It’s one of those things that seems unavoidable; when I played Star Wars: The Old Republic (SW:TOR) beta, the first thing I rolled was a Sith Sorceror. Guess you can’t deny your true nature – and now that the game’s out, my Sith Sorceror is almost level 50, so time to do some comparisons on playstyle between it and my favorite pastime: the Shadowpriest.
Look and feel
The theme of the Sith code is very strong, and is represented in everything a Sorceror does. Dark sided social options, quests that promise *unlimited powerrrr* and Lightning as primary source of damage. Every second of play, every encounter with NPCs, underlines that you are dangerous and unpredictable, demanding of respect. It’s really well done, and mirrors my earlier post about class design: a strong theme, a strong feel makes half a class.
I am currently playing a hybrid between the Lightning and Madness trees, but you could go for more Madness (more DoTs) or fully into Lightning (more Direct Damage). Strong points of the Sorceror are their mix of healing and damage (even the healers deal damage to keep their Force regeneration up), ability to shield allies and their good CC. Whirlwind allows you to keep an opponent out of the fight indefinitely, and you can talent it for a reduced cooldown or CC’ing more than one mob at a time.
Damage-wise, there’s a lot of synergy in talents. Lightning Strike (Say, Shadowbolt) ups your Force Regeneration. Affliction (SW:P) makes your Force Lightning tick faster. Thundering Blast crits automatically on targets with Affliction on it and feels a lot like Mind Blast currently is. Force Lightning is a dead ringer for Mind Flay – it even has the Slowing component. All in all, people who play Shadowpriests will find that the Sorceror is a wealth of rediscovery.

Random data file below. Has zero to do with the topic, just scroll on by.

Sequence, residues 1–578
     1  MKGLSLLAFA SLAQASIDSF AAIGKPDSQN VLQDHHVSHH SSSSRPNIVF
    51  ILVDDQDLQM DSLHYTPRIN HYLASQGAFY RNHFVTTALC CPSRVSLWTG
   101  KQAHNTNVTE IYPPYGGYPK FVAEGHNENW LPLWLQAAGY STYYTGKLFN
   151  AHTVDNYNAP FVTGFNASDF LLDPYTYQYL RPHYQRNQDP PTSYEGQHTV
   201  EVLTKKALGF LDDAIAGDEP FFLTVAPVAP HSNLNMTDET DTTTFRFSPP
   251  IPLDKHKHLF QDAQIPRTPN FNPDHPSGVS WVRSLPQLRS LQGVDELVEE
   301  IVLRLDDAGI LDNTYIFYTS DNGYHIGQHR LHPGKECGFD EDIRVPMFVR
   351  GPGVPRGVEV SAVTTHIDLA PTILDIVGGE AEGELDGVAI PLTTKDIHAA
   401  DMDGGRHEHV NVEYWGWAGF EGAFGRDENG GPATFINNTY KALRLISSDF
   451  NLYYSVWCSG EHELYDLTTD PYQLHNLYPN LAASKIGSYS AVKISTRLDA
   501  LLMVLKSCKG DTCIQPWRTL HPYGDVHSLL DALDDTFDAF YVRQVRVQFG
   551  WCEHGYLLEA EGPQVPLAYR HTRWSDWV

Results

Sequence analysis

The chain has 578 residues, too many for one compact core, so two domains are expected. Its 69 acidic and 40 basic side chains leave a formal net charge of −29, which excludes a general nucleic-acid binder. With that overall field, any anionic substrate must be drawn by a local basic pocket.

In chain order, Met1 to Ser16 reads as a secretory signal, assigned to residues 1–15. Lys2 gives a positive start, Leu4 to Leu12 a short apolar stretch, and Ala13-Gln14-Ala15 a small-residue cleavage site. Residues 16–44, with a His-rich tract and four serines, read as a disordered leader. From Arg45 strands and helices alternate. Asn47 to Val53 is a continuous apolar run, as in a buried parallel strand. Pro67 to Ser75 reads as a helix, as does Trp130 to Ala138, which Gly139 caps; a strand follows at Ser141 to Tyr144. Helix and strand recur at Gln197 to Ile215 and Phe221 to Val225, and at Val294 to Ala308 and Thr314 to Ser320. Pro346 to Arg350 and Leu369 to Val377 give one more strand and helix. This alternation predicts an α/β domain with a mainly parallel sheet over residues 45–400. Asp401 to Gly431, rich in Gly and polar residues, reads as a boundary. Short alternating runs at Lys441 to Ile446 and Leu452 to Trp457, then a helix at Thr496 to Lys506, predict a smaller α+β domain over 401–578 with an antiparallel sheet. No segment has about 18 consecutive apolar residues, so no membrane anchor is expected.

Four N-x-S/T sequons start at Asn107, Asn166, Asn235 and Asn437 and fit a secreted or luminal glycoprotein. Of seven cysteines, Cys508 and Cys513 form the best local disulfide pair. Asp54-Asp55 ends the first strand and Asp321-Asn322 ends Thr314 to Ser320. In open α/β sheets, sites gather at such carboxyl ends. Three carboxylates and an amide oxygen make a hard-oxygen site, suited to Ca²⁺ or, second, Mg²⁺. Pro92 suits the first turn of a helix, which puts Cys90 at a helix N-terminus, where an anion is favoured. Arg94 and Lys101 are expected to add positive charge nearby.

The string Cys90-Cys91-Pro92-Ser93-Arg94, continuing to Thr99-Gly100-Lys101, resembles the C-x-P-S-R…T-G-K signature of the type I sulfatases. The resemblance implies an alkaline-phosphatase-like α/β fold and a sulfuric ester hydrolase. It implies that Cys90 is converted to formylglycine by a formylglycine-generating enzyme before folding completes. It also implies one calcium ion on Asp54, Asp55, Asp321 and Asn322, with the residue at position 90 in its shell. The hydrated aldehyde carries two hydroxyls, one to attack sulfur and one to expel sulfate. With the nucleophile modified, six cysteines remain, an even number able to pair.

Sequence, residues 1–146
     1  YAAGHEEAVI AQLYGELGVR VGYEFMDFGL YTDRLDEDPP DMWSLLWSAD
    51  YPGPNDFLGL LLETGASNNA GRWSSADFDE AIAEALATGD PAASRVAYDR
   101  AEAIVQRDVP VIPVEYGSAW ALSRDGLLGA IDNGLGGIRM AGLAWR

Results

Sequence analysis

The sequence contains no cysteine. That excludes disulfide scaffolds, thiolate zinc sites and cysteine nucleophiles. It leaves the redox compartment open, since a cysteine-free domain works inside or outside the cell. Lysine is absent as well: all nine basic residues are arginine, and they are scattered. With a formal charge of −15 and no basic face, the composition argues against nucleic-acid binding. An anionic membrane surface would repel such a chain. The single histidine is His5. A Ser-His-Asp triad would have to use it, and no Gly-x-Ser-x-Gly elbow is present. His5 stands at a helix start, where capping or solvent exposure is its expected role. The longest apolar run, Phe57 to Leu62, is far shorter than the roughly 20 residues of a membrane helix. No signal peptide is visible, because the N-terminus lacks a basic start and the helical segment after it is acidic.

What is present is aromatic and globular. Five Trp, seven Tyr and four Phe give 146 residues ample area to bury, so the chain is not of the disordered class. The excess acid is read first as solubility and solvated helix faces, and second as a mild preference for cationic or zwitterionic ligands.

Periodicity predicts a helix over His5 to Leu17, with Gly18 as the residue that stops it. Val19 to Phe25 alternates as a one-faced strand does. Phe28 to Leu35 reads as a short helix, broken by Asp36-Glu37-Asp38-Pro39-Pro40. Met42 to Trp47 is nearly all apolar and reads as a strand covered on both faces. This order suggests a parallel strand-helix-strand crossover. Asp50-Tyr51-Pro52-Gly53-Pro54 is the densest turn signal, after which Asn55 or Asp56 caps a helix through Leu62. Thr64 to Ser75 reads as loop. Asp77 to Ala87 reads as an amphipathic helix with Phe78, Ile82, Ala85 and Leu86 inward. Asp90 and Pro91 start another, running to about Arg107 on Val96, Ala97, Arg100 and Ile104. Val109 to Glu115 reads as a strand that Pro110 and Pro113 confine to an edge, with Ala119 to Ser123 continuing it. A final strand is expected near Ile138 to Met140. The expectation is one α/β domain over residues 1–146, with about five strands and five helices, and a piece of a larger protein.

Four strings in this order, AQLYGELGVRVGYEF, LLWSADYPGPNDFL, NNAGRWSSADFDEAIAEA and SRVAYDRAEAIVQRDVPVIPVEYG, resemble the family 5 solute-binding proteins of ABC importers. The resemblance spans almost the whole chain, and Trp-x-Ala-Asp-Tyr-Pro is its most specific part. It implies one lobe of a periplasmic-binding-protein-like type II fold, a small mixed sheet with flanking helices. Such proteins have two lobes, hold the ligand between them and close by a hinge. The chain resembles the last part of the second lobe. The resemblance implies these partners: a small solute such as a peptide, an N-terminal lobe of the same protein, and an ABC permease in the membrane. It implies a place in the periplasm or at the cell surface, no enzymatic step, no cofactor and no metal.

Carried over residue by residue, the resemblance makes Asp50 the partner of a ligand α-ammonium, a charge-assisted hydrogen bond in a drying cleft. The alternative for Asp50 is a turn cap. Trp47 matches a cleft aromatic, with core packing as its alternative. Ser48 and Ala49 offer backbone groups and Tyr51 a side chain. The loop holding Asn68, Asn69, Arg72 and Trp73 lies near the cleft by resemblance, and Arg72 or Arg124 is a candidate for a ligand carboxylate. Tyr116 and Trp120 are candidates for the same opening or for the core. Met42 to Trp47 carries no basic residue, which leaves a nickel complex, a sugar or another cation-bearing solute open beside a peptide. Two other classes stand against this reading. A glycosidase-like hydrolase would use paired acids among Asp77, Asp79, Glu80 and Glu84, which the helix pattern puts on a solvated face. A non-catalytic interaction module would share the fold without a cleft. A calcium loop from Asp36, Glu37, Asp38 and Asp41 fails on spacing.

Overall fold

When playing solo, the Sorceror plays a bit like a Warlock, using your companion Khem Val as a tank and healing him while you blast opponents to pieces. This is quite challenging to do, because Khem Val is not so bright and has a lot of AoE, breaking your careful CC. You can turn off his AoE abilities (he has a full pet bar) but to be honest it seems to spring back one every time (most likely a bug).
You have a lot of short-term control (as do most classes). You can Interrupt, you have a Stun (Electrocute) but even your Shock will stun weaker targets. If you are swarmed, you can knock your foes back. All in all, an enormous toolbox of abilities. Like the classic Shadowpriest, you also have quite some healing power – and be expected to use it. A Flashpoint can be healed even without a healing spec, but it will be a challenge. More to the point, you will get a lot of healing practice keeping your companions up on some of the more challenging class quests.
The flipside of the Sorceror (the Assassin) is my girlfriend’s weapon of choice – a combination of Death Knight, Rogue and (TBC-style) Tankadin. All in all ironic since her main’s been a Paladin since TBC, and she instantly recognized the playstyle from way back when. In fact, a lot of the feel of the classes and abilities are reminiscent of TBC-era World of Warcraft. And here too, a tank/healer combo is the bomb. Between the two of us, 4-man quests are relatively easy because we carry healing power, enough CC to control 2-3 targets and 2 additional companions.
Mind you that you will need it – this game is definitely more challenging than WoW. Mobs will need CC, positioning is important and the game does not pull punches in your class quests. Adapt or die, seems to be the buzz word.
For players of a Shadowpriest, the Sorceror feels like the Shadowpriest should: dark, powerful, commanding respect. There’s a lot of support for your group, and a lot of ways to screw over your enemies. The only complaint would be that you have too much to do, and are fighting bar space to fit it all in.
For Blizzard, I’d recommend a similar treatment for the Shadowpriest – don’t be afraid of the CC (we lack it anyway), the stuns/control (smart players need a challenge, on either side of the fence) and damage potential. In the end, the feeling of the class determines its popularity.